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My Country versus Me (Book)

Updated on October 30, 2008

My Country versus Me

In “My Country Versus Me”, Dr. Lee had repeatedly admitted to the security infraction that he committed, and he was even man enough to say that he deserved some kind of punishment for the mishandling of data. But the whole point of the book, and the most important lesson one could learn from the entire affair, was the cruel and unusual torture he suffered as a result of rampant anti-Chinese racism, fed by paranoia as well as ingrained prejudices in those who persecuted him and aided in his persecution.

From the whole book only one thing has been made clear: former Director of the CIA John Deutch should probably have gone to prison for engaging in pretty much the same illegal activity as Wen Ho Lee. Does that strike you as a non sequitir? Well, unfortunately this book does not have an index, and I failed to keep track, but I would estimate that Mr. Deutch is mentioned at least 40 times in these pages, as Mr. Lee constructs a defense that is apparently based in large part on the theory which I've been told since I was four years old that no responsible human being is allowed to fall back on that: "everybody else did it, so why punish me?"

What Mr. Lee did, and he admits as much in the book, was to make backup tapes of his work on nuclear weapons at the Los Alamos National Laboratory. He claims that he did so solely for the purposes of protecting his work in case of computer failure, which he says had previously caused him to lose work. But even he acknowledges that:

Many well-meaning people, including my friends and former colleagues, think that I downloaded the tapes to have work product in case I needed to find a new job... (Wen Ho Lee, 2002)

He further admits that: “I didn't want people to know I had the files or the tapes, because I knew they were not proper and would probably be a security infraction.” (Wen Ho Lee, 2002)

None of this self-admitted guilt would necessarily have mattered though assuming that his assertion that this was a common practice is correct had not Mr. Lee already been under suspicion by federal authorities.

He had first appeared on investigators' radar screens in the early 1980s when contacted a fellow scientist who was suspected of spying for China. Accounts differ as to how forthcoming Mr. Lee was in initial interviews surrounding that episode, but he eventually co-operated with authorities in their investigation. A book that has been published almost simultaneously with this one, A Convenient Spy: Wen Ho Lee and the Politics Of Nuclear Espionage By Dan Stober and Ian Hoffman, states that Mrs. Lee worked as an informant for the CIA and FBI in the mid-80s, while employed at the lab, and that she too breached security by copying files and, at one point, intentionally destroyed classified files during a dispute with her boss. He says that he had significant memory loss for almost two years afterwards (Rhoda Barkan, 2003). Further adding to the cloud of suspicion around Mr. Lee were meetings he had here and in China with the scientists developing China's nuclear weaponry; a consultancy position he held with a Taiwanese company; several bank accounts he opened in Taiwan; his attempt to access his Los Alamos files from Taiwan; and one assumes we can concede Mr. Lee's point that his ethnicity combined with the fact that China had stolen American nuclear secrets led to him being racially profiled.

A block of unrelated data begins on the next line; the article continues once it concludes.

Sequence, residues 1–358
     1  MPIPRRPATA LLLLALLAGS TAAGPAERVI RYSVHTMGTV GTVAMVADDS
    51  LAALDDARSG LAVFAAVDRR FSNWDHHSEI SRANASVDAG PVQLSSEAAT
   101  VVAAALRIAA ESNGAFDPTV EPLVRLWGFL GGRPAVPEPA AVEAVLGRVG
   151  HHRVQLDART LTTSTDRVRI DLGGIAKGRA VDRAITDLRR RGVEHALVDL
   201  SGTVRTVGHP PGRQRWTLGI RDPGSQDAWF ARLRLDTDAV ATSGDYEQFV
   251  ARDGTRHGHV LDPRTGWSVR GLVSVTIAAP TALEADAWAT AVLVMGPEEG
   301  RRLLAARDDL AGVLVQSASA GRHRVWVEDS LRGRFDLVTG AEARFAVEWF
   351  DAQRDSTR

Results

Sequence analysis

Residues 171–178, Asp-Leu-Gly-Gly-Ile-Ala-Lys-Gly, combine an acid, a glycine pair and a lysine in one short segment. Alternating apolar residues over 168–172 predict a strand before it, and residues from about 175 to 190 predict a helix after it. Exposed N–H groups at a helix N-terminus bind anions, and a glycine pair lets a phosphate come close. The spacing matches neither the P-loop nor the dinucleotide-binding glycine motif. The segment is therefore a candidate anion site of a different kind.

As a result of all of these factors, Mr. Lee was investigated, interrogated, and even polygraphed by the FBI and unfortunately managed to cast even greater suspicion on himself by how he handled this turn of events. In one of the most bizarre moments in a crime melodrama that does not lack for oddities, Mr. Lee seems to have gone to his computer on the night of the initial polygraph interrogation (December 23, 1998) in order to delete classified files. As if this was not sufficiently dubious, he also attempted to enter the lab at 3:30 in the morning on Christmas Eve, even though his clearance had been revoked subsequent to the prior day's interrogation. (Wen Ho Lee with Helen Zia, 2001)

Now, it is obviously the case that none of this shows that Mr. Lee was in fact a spy for anybody, nor that he ever shared with anyone the materials that he had improperly copied. But it is Mr. Lee's repulsive position that despite this series of rather sketchy behaviors he was singled out for suspicion of spying solely because of his Chinese background (he was born in Taiwan) and that nearly the entire government case against him was the product of racial animus. This is a patent absurdity. Even conceding that suspicion of him was exacerbated by his race, any reasonable person looking at the facts as Mr. Lee himself lays them out would be forced to say that he was a logical target of the investigation. (The Scientific Research Society, 2005)

Instead of conceding the seemingly obvious point that someone who has at least mishandled sensitive nuclear data and has met with the head of our enemy's nuclear program, on their soil, is an automatic suspect Mr. Lee treats us to repeated assertions that it was unjust for anyone to suspect him, that the unfairness of the way he was treated is amply demonstrated by the different treatment that John Deutsch received, and that the whole sorry case shows that Americans still seethe with a hatred of Chinese Americans. It is perhaps unfortunate that he chose Helen Zia as his coauthor, as this last is one of her themes, and may not reflect his own feelings. Nonetheless, the book descends into a wallow of self pity and reverses racism that grows tiresome quickly.